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  1. I was reflecting recently about the impending arrival of the new AFL season and I came to the conclusion that it is fitting that the capital city of the Northern Territory, whose government is a relationship partner of the Melbourne Football Club, was named after English naturalist Charlie Darwin. Darwin, whose theory of evolution was expounded in On the Origin of Species described the process of natural selection as being a matter of the "survival of the fittest" and, as fate would have it, this is becoming a catch phrase that best sums up the early part of the AFL season still very much in its infancy. It's a phenomenon that happens often at this time of year when the teams are not all yet at the peak of their fitness. In the first game of the round last Friday night, Collingwood and Fremantle went hammer and tong in the opening quarter before the Dockers took control in the second and blew the Magpies off Etihad Stadium. The following afternoon and evening saw the two new franchise teams in action with the Giants sending shock waves through the competition disposing of their neighbours and one of the premiership favourites with a withering six goal onslaught in the final 15 minutes of the game. That night the Suns overcame the loss of two players in the first half by overpowering the Tigers and, as if that wasn't enough, Port Adelaide left Carlton literally breathless in its wake on Sunday night. Melbourne coach Paul Roos summed it up neatly when he said: "Hard-running teams I think teams are fitter going into this year than they have in the past few years they've now adjusted to three on the bench and theyre adjusting to 120 subs. Theyre probably the main things Ive noticed." From a technical point of view, it was Freo, coached by Roosy's former Fitzroy teammate in Ross Lyons which employed the forward press and zone to expose Collingwood in a clinical decimation that emphasised the importance of fitness and in particular, midfield grunt. So whilst many Melbourne supporters are crying over, as yet unspilt milk due to the absence due to injury of its three power forwards and a couple of ruckmen, they are overlooking the fact that when their team runs out on Saturday night to take on an equal injury-depleted St. Kilda at Etihad Stadium, they will do so with a substantial influx of midfielders who are fit and can run. Moreover, by adopting a conservative approach with his injured players, Roos and Dave Misson who have been reunited after their success at Sydney, are ensuring that the team is best placed to follow the trend of fitness first that has been so evident with all of the round's winning teams to date. That is not to say that the big men will not be missed up forward but we shouldn't forget that St. Kilda's defence is also very much depleted and it's midfield, without last year's best and fairest Jack Steven, Lenny Hayes, Leigh Montagna and in the wake of recent departures of Nick dal Santo and Ben McEvoy, is not what it used to be four or five years ago when that club came literally within centimetres of winning a premiership flag. I do think that while the first round is important to the club, Roos' main mission is not dependent on the result of this one game. The Melbourne team of the future will evolve in time and I expect that there will be plenty of highs and lows and lots of frustration over a journey that will take a while before a successful outcome for the club is achieved. I see a style based on defence but the skills and strength of the young team need to be worked on and that will not happen overnight. After all, it took a five year voyage on The Beagle before Charlie Darwin was able to produce his theory on natural selection. I'm not suggesting that Roos will take that long (after all, he's been given less than half the time) but his track record as a player and a coach suggests that any team with which he is involved will usually have the capacity to compete against and survive among the very fittest. THE GAME St. Kilda v Melbourne at Etihad Stadium Saturday 22 March, 2014 at 7.40 pm HEAD TO HEAD Overall St. Kilda 86 wins Melbourne 118 wins 1 drawn At Etihad St. Kilda 4 wins Melbourne 3 wins Past five years St. Kilda 6 wins Melbourne 0 wins The Coaches Richardson 0 wins Roos 0 wins MEDIA TV - TBA RADIO - TBA THE BETTING St. Kilda to win - $2.35 Melbourne to win - $1.62 THE LAST TIME THEY MET St. Kilda 16.8.104 defeated Melbourne 10.9.69, Round 13, 2013 at Etihad Stadium The Saints were off to a flier in Neil Craig's first game as stand in coach for the Demons who made a reasonably promising fist of things after the first quarter break. Nathan Jones was Melbourne's best while the better players for the Saints that day - Montagna, Steven and Dal Santo - won't be taking the field on Saturday night. THE TEAMS ST. KILDA B: Sean Dempster, Luke Delaney, James Gwilt HB: Nathan Wright, Dylan Roberton, Jimmy Webster C: Jack Newnes, Luke Dunstan, Farren Ray HF: Clint Jones, Nick Riewoldt, Josh Saunders F: Rhys Stanley, Beau Maister, Eli Templeton FOLL: Tom Hickey, David Armitage, Shane Savage I/C: Jack Billings, Thomas Curren, Jarryn Geary, Sam Gilbert EMG: Trent Dennis-Lane Tom Lee Sebastian Ross NEW: Jack Billings (Oakleigh Chargers), Luke Delaney (North Melbourne), Luke Dunstan (Woodville-West Torrens), Shane Savage (Hawthorn), Eli Templeton (Burnie Dockers) MELBOURNE B: Dean Terlich, James Frawley, Jack Grimes HB: Lynden Dunn, Tom McDonald, Bernie Vince C: Jimmy Toumpas, Jack Watts, Dom Tyson HF: Rohan Bail, Jack Fitzpatrick, Daniel Cross F: Shannon Byrnes, Cam Pedersen, Jeremy Howe FOLL: Jake Spencer, Nathan Jones, Jack Trengove I/C: Viv Michie, Matt Jones, Jay Kennedy-Harris, Alex Georgiou EMG: Daniel Nicholson, Sam Blease, Michael Evans NEW: Daniel Cross (Western Bulldogs), Alex Georgiou (Norwood), Jay Kennedy-Harris (Oakleigh Chargers), Viv Michie (Fremantle), Dom Tyson (Greater Western Sydney), Bernie Vince (Adelaide) LONG TIME BETWEEN DRINKS The memory of Melbourne's last victory over St. Kilda hasn't quite dimmed yet. It was an elimination final played at night at the MCG and Brock McLean played a starring role as light misty rain fell intermittently over the ground. He was going to be our next star but it didn't quite work out that way. Since then the two teams have met nine times in seven and a half seasons and on each occasion Melbourne has fallen. Not only that, but in a similar timespan the club has failed every time it has ventured to the Docklands. Sooner or later, the club has to drive the monkey from its back and this Saturday night presents the Demons with their best opportunity to atone for humiliation of those losses. If the Saints are looking forward into a distant horizon when they state they're aspiring to be premiers by the end of the decade then tomorrow will be nothing more than a first stepping stone into that brand new future but they are taking that step in the absence of many of their dwindling band of good footballers. Key midfielders Lenny Hayes, Leigh Montagna and Jack Steven, plus Sam Fisher and Adam Schneider are all among the missing while Sam Gilbert would have to be a doubtful starter given his interrupted pre season. So despite the fact that the Demons also go into the game with an undermanned forward line (with no Chris Dawes, Mitch Clark and Jesse Hogan) and last year's best defender Colin Garland out with an ankle injury, not to mention talls Mark Jamar and Max Gawn who are also unavailable, the bookies still rate them a chance. And so do I. I don't have the data available but it would not surprise me at all if the number of new players in a red and blue jumper (actually you can add a slab of white to that combination to ensure that there's a clash of colours with the host team) for the season opener against St Kilda at Etihad Stadium on Saturday night is higher than for any first round game in half a century - all the way back to the mid 1960s when the club was in rebuild mode at the end of the Norm Smith era. Paul Roos and the recruiting team have attacked the weakness in the club's midfielder by importing Daniel Cross, Bernie Vince, Dom Tyson and Viv Michie from other AFL clubs and have also added mature age defender Alex Georgiou and small forward Jay Kennedy-Harris to play their first AFL matches. That's a nice combination of a wealth of experience and some enthusiastic youth added to spice up the team against the ailing Saints but the most important additional element is the coach himself - an astute man with great knowledge, people skills and a mission to succeed which should turn football history on its head. Melbourne by 13 points.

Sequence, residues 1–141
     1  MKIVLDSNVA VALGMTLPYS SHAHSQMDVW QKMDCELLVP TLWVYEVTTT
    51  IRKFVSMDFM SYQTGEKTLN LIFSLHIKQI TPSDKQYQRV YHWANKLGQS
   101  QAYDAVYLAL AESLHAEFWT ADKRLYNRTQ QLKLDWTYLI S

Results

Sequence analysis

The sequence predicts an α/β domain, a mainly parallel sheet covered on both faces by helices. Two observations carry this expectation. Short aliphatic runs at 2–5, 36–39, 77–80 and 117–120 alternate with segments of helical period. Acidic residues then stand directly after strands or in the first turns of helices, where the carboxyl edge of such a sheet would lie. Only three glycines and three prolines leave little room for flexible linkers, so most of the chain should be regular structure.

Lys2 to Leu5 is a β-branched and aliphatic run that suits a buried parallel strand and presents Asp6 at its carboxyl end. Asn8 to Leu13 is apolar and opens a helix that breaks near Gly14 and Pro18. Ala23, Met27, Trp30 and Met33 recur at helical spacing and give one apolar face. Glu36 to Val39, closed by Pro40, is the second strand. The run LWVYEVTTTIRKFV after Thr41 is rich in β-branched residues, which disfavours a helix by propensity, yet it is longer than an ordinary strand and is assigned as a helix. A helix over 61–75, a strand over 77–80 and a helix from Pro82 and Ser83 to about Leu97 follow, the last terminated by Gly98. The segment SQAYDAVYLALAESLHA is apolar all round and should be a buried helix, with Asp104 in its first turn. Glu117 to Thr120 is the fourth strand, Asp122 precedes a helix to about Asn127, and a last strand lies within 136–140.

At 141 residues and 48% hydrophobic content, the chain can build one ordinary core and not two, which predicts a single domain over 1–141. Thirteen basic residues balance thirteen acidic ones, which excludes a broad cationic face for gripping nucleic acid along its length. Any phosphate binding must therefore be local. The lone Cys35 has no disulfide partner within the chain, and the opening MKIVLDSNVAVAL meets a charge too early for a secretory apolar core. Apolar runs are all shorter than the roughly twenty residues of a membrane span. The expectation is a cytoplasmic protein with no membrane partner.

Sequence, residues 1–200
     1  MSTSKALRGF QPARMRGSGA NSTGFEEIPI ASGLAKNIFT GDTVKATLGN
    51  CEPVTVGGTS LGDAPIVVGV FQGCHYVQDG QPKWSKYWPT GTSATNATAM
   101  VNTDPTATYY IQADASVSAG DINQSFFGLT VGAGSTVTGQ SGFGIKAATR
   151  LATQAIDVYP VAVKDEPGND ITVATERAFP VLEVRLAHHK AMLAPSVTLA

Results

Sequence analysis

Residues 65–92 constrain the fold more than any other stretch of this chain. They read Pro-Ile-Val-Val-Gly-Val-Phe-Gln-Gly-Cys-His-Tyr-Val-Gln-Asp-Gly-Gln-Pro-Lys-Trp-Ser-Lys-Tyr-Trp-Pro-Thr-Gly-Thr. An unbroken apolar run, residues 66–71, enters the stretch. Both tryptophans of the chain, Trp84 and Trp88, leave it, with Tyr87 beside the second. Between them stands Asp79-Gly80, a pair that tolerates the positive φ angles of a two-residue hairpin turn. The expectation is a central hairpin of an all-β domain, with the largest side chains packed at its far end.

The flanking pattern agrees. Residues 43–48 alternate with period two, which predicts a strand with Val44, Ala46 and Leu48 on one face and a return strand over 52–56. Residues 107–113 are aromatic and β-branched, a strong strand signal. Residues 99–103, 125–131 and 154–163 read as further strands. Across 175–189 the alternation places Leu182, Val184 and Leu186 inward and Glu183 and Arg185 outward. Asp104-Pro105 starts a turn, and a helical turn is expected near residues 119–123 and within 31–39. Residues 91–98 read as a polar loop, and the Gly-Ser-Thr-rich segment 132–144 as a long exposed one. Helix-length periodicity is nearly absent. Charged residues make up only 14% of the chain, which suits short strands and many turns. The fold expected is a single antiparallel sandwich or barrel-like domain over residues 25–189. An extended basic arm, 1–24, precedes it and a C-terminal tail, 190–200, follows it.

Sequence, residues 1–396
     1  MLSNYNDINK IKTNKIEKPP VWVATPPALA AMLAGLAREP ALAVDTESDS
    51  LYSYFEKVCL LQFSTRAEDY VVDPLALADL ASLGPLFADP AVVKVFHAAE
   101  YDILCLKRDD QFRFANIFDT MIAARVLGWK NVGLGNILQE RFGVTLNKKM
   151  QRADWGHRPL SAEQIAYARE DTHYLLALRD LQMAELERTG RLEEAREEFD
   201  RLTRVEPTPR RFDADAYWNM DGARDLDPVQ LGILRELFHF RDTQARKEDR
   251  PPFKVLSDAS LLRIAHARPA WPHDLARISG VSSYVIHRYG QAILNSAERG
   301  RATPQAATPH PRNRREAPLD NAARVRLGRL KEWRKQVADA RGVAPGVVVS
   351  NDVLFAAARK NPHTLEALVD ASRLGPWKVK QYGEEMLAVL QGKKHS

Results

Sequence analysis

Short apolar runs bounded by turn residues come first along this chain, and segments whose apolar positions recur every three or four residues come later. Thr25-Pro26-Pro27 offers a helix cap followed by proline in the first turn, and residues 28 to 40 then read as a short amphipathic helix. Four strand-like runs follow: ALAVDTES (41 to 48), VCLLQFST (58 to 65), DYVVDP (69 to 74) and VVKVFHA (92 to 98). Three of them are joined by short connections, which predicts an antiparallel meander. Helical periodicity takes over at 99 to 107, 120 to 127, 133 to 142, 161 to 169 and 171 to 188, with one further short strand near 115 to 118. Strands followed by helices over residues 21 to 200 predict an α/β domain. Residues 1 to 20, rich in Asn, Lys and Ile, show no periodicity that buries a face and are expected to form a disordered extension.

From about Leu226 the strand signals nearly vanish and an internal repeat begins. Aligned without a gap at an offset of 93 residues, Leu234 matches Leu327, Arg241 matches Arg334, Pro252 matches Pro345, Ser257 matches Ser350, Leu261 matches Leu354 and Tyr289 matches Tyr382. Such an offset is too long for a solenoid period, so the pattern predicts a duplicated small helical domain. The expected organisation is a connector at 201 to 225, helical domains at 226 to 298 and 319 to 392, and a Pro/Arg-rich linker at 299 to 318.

2. PENDULUM by The Oracle The nature of the NAB Cup dictates that, for a majority of clubs, it's more like a series of exhibition trial games and experimentation once the triple header season opener is out of the way. And so was for Melbourne in 2013. The NAB Cup campaign was over on opening night. It managed to accumulate an irrelevant four points (which the football world rightly ignored because it was the sort of game usually reserved for yesterday's venue at Casey Fields) but if there was a silver lining it had to be that the Demons only put in two poor quarters for the journey and they were undermanned in both of them. The first was against a fresh Richmond in the opening quarter of week one, the other in the the second term yesterday. Of course, that 10-12 minute patch against St. Kilda was a total disaster, reminiscent of all of the worst aspects of the past half decade. Melbourne fiddled with the ball, turned it over too easily and succumbed to pressure in the heat coughing up goal after goal. During that time the Demons were vulnerable in the midfield and gave away too many easy possessions (including an ungodly number of frees) that enabled the Saints to rebound with ease and dominate. In the batting of an eyelid the pendulum swung from a point where Melbourne doubled St. Kilda's score to exactly the reverse and the contest was over. I'm not sure what it means but during the rest of the game, the Dees were good but who knows these days, how much teams are really trying in exhibition matches of this sort? What we do know is that, of the combatants, it was St Kilda that took what was close to its best line-up to Casey Fields with a strong and dominant midfield and its small forwards dominating when push came to shove (Milne and Milera kicking four goals during that purple patch) while Melbourne either rested or was forced to leave out players through injury who will at least be under strong consideration for selection in most post positions on the ground. Three key position certainties were out of the action - Tom McDonald (defence) and Mitch Clark and Chris Dawes (forward). Given the contribution of the opposition small forwards to Melbourne's demise Nev Jetta and James Strauss would have been handy and Jordie McKenzie would have been able to annoy the living suitcases out of one of their dominant midfielders. And if you insert Jack Trengove, Sam Blease, Jack Viney and Rohan Bail into the midfield mix, you might just be able to blunt the sort of run on to which the team was subjected. Also rested this week was the kid from Clackline, WA Dean Kent who has impressed as a medium forward who knows how to kick a goal and who showed some promise in the earlier games. But what about those who took part and what about the other 65-70 minutes of the game? Melbourne started like a house on fire in the hot conditions with Mark Jamar owning the ruck and giving Nathan Jones and newcomers David Rodan first use of the ball. Two other recruits in Shannon Byrnes and Cameron Pedersen were giving the Saints plenty to think about and the Demons were out to a 22-point lead with the aid of the breeze by the halfway mark of the first term thanks to a 9 pointer from Lynden Dunn. They then lost the ascendency in the second half of the opening term and this lull in intensity probably set the scene for the Saints' revival in the second. Melbourne needs to learn from their relentless non stop push once they gained control. You rarely win if you cough up seven or eight unanswered goals to your opponent. The Demons fought back in the third but couldn't peg back the Saints' lead sufficiently to fight their way back into contention despite making a fist of it in the last when the hot and steamy conditions had taken the sting out of the match. The pendulum was never going to swing far enough for the Demons. Apart from Nathan Jones and Jamar (35 hit outs), Melbourne was well served by Lynden Dunn, Dan Nicholson and Colin Sylvia while Dean Terlich showed why he was plucked out of the SANFL to resurrect his career. However, if the day is ever going to be remembered for anything other than the bunfight needed to get out of the car park at the end, it will be for that period during which the pendulum swung so dramatically against a hapless Melbourne. For them to improve this season, the Demons will need to eliminate the lapses although we shouldn't forget that the nature of the NAB Cup means that the makeup of teams will vary and they definitely came up against a team that was much closer to full strength on the day. MELBOURNE1.2.2.23 ST. KILDA Supergoals Melbourne Dunn N Jones St. Kilda Newnes N Dal Santo Goals Melbourne Sellar 2 Byrnes Hogan Rodan Tapscott Toumpas St. Kilda Milera Milne 2 Dal Santo Dennis-Lane Gilbert Hayes Koschitzke Riewoldt Best Melbourne N Jones Rodan, Dunn Terlich Jamar Sylvia Nicholson St. Kilda Dal Santo Newnes Montagna Milne Steven Geary Roberton INJURIES Melbourne Nil St. Kilda Nil Reports Nil Umpires Stuart Wenn Ben Ryan Shane McInerney Crowd 5,000 (est.) at Casey Fields VIEW THE GAME Quarter 1 - http://bit.ly/15FgNKw Quarter 2 - http://bit.ly/15FgSOq Quarter 3 - http://bit.ly/Y7z5B3 Quarter 4 - http://bit.ly/WBNDvq STATISTICS Disposals - Melbourne 247 St. Kilda 250 Kicks - Melbourne 137 St. Kilda 164 Handballs - Melbourne 110 St. Kilda 86 Free Kicks - Melbourne 10 St. Kilda 23 Clearances - Melbourne 23 St. Kilda 27 Centre - Melbourne 11 St. Kilda 7 Stoppages - Melbourne 12 St. Kilda 20 Inside 50 - Melbourne 37 St. Kilda 31 Marks in 50 - Melbourne 5 St. Kilda 4 Contested Possessions Melbourne 87 St. Kilda 94 Tackles - Melbourne 21 St. Kilda 51 Hit-Outs - Melbourne 36 St. Kilda 13 Melbourne [K H M HO T SG.G.B DT] Colin Garland 13 2 8 0 0 0.0.0 64 James Magner 9 8 4 0 4 0.0.0 63 David Rodan 5 7 5 0 3 0.1.0 62 Dean Terlich 6 9 5 0 0 0.0.0 53 Nathan Jones 9 7 3 0 1 1.0.0 52 Lynden Dunn 11 3 3 0 0 1.0.0 48 Mark Jamar 3 3 1 32 0 0.0.0 47 Joel MacDonald 9 7 3 0 0.0.0 47 Colin Sylvia 8 4 2 0 2 0.0.0 43 James Sellar 4 4 3 0 0 0.2.2 40 Jack Grimes 5 4 2 0 2 0.0.0 38 Jeremy Howe 4 4 3 0 1 0.0.1 35 Matt Jones 6 5 3 0 1 0.0.0 35 James Frawley 6 4 2 0 0 0.0.0 33 Tom Gillies 3 8 4 0 1 0.0.0 33 Jack Watts 5 4 2 0 1 0.0.0 33 Shannon Byrnes 5 2 4 0 1 0.1.0 32 Cameron Pedersen 3 7 2 4 0 0.0.1 32 Daniel Nicholson 5 8 1 0 0 0.0.0 31 Aaron Davey 6 0 2 0 0 0.0.1 26 Jimmy Toumpas 6 5 1 0 1 0.0.0 26 Luke Tapscott 3 3 0 0 1 0.1.0 25 Jesse Hogan 2 0 1 0 1 0.0.1 14 Michael Evans 2 2 1 0 0 0.0.0 10 NAB CUP APPEARANCES - 2013 [Week 1 v NM, Rich, Week 2 v PA, Week 3 v STK - square = played game] 1 Hogan, Jesse (new) ■■■■ 2 Jones, Nathan ■■ - ■ 4 Watts, Jack ■■ - ■ 5 Toumpas, Jimmy (new) - ■ - ■ 6 Dawes, Chris (new) ■ - - - 7 Viney, Jack (new) ■ ■ - - 8 Frawley, James ■■ - ■ 9 Trengove, Jack - - - - 10 Byrnes, Shannon (new) ■ - - ■ 11 Clark, Mitchell - - - - 12 Sylvia, Colin ■■■■ 13 McKenzie, Jordie ■■- - 14 Dunn, Lynden ■■ - ■ 15 Rodan, David (new) ■ - - ■ 17 Blease, Sam ■ - - - 19 Strauss, James - - ■ - 20 Garland, Colin ■■ - ■ 21 Pedersen, Cameron (new) ■■■■ 22 Magner, James ® ■■■■ 23 Tynan, Josh - - ■- 25 McDonald, Tom ■■- - 26 Nicholson, Daniel ■■■■ 27 Gillies, Tom (new) ■ - ■■ 28 Macdonald, Joel - ■■■ 29 VACANT 30 Sellar, James - ■■■ 31 Grimes, Jack ■■ - ■ 32 Evans, Michael ■ - ■■ 33 Barry, Dominic (new) -- ■ - 34 Kent, Dean (new) ■ - ■- 35 Tapscott, Luke - - ■■ 36 Davey, Aaron - ■■■ 37 Gawn, Max -- - - 38 Howe, Jeremy ■■ - ■ 39 Jetta, Neville ■■■- 40 Jamar, Mark ■ - - ■ 41 Davis, Troy -- ■- 42 Spencer, Jake - ■■ - 43 Taggert, Rory -- ■ - 44 Bail, Rohan -- - - 45 Jones, Matt (new) - ■■■ 46 Terlich, Dean (new) - ■■■ 47 Couch, Thomas ® - ■■- 48 Fitzpatrick, Jack - - ■ - 49 Stark, Nathan ® (new) -- ■ - 50 Clisby, Mitch ® (new) -- --